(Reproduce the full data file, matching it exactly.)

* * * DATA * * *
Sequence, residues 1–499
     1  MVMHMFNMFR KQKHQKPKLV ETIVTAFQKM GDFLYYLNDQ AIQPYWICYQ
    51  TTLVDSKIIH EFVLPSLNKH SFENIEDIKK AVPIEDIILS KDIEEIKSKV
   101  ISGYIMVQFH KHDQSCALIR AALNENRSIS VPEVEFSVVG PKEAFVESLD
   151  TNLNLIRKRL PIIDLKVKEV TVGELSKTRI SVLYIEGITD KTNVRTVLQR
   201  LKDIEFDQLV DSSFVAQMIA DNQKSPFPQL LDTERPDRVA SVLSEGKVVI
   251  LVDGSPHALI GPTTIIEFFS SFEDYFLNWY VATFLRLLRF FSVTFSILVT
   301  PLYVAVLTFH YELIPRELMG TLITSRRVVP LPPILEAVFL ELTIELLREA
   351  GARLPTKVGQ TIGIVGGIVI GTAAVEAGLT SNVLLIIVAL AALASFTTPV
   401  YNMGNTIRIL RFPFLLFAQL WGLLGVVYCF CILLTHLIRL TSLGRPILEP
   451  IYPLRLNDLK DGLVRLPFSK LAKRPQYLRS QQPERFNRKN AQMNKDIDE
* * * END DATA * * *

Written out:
Sequence, residues 1–499
     1  MVMHMFNMFR KQKHQKPKLV ETIVTAFQKM GDFLYYLNDQ AIQPYWICYQ
    51  TTLVDSKIIH EFVLPSLNKH SFENIEDIKK AVPIEDIILS KDIEEIKSKV
   101  ISGYIMVQFH KHDQSCALIR AALNENRSIS VPEVEFSVVG PKEAFVESLD
   151  TNLNLIRKRL PIIDLKVKEV TVGELSKTRI SVLYIEGITD KTNVRTVLQR
   201  LKDIEFDQLV DSSFVAQMIA DNQKSPFPQL LDTERPDRVA SVLSEGKVVI
   251  LVDGSPHALI GPTTIIEFFS SFEDYFLNWY VATFLRLLRF FSVTFSILVT
   301  PLYVAVLTFH YELIPRELMG TLITSRRVVP LPPILEAVFL ELTIELLREA
   351  GARLPTKVGQ TIGIVGGIVI GTAAVEAGLT SNVLLIIVAL AALASFTTPV
   401  YNMGNTIRIL RFPFLLFAQL WGLLGVVYCF CILLTHLIRL TSLGRPILEP
   451  IYPLRLNDLK DGLVRLPFSK LAKRPQYLRS QQPERFNRKN AQMNKDIDE